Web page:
The Furies (1950)

25 06 2008

More proof here that Anthony Mann really is a fantastic filmmaker. I absolutely loved The Tin Star but still felt more than a little skeptical going in to this one. While there are obviously some inherently bad signs of classic Hollywood filmmaking, this is still a very personal and accomplished work. Its very likely that Mann would have preferred to do something completely removed from the boundaries of a genre, but would never get such financing. Is this film melodramatic? Certainly, but it never bothers taking itself down a serious, dreary, and bleak path that so many modern “serious dramas” tend to do.

To explain the plot of The Furies would be somewhat of an insult to the movie. There’s an unintentionally hilarious “review” from TVGuide which quickly pieces together the main thrust of the narrative. By doing so, however, is to give a very false impression of the film. It is to Mann’s credit that these events all happen rather slowly, and the “plot points” are all patched by “pointless” scenes. Of course, these “pointless” scenes are one of Mann’s strongest points. He is certainly not on the same level of the character portraits by Yasujiro Ozu, or Mikio Naruse but he is fairly close. Plus, it should go without saying that there is the irresistible influence of classic Hollywoodisms.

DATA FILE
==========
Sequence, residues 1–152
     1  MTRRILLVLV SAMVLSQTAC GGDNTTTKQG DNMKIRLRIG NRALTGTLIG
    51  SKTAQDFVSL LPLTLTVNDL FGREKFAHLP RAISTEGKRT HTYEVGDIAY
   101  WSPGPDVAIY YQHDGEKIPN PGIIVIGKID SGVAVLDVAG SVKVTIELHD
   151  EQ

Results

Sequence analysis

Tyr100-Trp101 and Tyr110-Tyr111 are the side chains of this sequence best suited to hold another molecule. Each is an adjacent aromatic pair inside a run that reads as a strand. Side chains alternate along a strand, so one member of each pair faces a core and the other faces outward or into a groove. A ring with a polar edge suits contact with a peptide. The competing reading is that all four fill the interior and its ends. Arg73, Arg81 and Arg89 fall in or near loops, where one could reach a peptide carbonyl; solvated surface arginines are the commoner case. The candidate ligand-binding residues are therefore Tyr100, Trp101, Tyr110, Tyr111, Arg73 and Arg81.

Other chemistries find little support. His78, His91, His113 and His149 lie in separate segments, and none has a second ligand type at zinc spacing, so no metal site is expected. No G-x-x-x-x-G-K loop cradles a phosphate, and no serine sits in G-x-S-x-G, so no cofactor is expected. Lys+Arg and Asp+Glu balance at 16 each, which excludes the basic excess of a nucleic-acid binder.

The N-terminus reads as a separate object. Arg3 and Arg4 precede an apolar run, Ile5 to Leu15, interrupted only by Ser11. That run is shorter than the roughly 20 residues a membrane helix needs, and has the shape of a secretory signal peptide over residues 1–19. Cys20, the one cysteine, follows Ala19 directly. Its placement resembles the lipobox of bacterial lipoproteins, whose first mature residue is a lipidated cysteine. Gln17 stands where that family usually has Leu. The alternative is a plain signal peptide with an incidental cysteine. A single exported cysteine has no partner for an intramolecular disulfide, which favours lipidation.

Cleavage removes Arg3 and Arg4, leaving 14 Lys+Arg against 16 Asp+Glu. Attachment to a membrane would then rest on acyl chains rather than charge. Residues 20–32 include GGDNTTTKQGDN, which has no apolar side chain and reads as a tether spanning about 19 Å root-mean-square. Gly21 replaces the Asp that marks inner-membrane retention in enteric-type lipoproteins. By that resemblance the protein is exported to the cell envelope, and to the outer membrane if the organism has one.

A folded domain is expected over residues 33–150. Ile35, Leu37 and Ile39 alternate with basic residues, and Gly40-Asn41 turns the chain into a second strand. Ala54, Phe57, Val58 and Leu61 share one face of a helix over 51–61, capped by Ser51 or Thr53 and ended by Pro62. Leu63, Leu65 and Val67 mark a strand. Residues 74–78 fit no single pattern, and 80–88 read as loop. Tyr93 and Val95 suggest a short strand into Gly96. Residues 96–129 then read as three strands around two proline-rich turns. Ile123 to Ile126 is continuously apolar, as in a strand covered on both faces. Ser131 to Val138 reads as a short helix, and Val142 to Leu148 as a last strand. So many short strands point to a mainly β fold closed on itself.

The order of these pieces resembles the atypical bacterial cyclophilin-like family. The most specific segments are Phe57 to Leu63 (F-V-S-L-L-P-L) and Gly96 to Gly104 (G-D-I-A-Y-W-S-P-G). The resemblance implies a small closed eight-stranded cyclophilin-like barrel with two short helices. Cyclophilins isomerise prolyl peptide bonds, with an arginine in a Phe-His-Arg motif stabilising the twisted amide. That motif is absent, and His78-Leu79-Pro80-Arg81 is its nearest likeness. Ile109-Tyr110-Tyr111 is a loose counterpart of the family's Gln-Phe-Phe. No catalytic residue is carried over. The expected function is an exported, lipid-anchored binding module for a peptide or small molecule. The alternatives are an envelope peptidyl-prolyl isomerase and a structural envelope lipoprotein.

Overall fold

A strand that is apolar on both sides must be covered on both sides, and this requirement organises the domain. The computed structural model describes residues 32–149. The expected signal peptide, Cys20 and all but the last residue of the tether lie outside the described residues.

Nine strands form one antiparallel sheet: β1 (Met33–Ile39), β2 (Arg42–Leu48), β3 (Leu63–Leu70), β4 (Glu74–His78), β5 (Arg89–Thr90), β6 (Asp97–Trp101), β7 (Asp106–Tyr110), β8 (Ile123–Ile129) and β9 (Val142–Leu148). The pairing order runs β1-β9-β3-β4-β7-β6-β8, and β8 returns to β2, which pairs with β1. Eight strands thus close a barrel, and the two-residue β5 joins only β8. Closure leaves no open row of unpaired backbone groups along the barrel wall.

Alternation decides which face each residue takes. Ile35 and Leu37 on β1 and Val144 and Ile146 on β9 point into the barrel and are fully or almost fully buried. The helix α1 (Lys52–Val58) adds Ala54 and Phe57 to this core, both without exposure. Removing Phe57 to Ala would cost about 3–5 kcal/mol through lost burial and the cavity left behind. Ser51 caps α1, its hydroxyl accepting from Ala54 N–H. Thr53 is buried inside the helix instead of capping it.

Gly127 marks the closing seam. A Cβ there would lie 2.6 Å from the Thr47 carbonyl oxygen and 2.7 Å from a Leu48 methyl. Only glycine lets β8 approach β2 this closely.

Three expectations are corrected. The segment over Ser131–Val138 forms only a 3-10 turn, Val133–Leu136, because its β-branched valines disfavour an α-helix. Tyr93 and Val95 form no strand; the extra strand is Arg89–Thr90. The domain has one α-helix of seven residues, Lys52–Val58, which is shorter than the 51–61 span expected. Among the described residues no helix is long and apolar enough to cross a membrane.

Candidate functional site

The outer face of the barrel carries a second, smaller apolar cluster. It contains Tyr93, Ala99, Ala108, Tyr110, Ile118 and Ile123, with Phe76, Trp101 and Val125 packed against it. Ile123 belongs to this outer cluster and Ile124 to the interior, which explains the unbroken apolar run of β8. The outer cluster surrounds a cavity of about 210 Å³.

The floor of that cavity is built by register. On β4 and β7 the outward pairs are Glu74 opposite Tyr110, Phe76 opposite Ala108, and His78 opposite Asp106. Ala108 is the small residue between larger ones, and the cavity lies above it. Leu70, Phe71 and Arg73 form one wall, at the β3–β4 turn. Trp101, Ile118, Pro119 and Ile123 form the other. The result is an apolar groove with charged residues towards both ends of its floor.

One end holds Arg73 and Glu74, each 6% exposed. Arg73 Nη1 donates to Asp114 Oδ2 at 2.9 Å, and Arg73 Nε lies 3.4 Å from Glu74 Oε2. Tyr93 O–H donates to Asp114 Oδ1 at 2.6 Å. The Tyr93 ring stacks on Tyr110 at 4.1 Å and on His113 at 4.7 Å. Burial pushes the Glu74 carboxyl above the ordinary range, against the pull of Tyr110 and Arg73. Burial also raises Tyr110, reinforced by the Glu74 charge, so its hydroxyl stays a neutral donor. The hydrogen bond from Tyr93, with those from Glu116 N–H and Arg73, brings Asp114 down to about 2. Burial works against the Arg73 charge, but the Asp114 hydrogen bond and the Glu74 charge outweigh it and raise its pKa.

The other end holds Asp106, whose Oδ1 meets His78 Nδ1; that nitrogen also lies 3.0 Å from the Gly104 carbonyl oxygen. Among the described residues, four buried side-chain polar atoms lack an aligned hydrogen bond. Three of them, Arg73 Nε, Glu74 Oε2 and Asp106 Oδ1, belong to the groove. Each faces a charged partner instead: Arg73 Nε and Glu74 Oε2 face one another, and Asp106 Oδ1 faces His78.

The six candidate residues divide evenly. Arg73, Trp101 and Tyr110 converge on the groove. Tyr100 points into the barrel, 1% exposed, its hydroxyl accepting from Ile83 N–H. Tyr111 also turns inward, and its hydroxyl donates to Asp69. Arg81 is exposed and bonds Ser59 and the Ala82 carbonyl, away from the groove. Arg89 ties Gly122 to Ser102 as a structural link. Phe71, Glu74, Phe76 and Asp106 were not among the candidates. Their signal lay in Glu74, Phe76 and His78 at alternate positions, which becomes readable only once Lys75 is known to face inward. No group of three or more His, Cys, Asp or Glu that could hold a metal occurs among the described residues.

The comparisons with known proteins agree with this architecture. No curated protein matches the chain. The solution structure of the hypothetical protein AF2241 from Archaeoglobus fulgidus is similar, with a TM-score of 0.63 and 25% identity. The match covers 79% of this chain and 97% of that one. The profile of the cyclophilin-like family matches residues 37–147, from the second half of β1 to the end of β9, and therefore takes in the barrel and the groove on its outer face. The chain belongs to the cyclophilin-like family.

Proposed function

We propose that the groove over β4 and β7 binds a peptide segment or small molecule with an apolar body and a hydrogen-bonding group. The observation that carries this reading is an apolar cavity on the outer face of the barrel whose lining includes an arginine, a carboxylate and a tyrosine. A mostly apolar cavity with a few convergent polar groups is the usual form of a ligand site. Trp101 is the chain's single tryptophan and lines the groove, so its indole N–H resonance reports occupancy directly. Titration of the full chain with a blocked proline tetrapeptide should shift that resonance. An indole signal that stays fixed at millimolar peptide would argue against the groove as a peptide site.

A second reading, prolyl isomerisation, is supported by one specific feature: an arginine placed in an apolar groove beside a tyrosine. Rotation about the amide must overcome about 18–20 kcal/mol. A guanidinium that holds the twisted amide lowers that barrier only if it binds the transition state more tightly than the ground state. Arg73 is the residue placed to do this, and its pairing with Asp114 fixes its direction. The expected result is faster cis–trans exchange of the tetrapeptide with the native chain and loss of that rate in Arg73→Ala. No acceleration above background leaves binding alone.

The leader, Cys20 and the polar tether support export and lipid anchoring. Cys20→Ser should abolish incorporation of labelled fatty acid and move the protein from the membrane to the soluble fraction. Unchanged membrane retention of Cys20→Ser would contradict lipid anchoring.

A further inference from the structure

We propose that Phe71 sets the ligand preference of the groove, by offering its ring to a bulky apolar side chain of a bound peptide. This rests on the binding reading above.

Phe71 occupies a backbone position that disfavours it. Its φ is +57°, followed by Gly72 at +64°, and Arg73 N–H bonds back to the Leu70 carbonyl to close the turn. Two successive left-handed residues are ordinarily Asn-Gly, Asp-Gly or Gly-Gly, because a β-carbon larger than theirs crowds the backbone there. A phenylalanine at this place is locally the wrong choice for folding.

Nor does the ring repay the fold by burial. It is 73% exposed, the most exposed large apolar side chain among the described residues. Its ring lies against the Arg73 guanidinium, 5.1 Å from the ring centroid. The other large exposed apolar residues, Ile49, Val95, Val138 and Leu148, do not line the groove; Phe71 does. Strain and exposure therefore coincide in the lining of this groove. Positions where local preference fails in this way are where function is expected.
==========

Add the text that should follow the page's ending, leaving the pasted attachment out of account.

Even more credit should go to the very strong visual sense, which is more often than not, overlooked in films of this type. Interestingly enough, this was actually shot by Victor Milner and not Mann’s frequent collaborator, John Alton. As this is one of Mann’s very first westerns, it marks the turning point in his career when he went from a steady string of film noirs (most of which were shot by Alton) to his now famous “psychological” westerns. The visual style is reflective of this transition, as, if anything, it still feels grounded in the shadowy cinematography of his earlier films but with a new location. In other words, totally brilliant. Some will be turned off by the melodramatic trapping from the era, but those that sit through it will be greatly rewarded.



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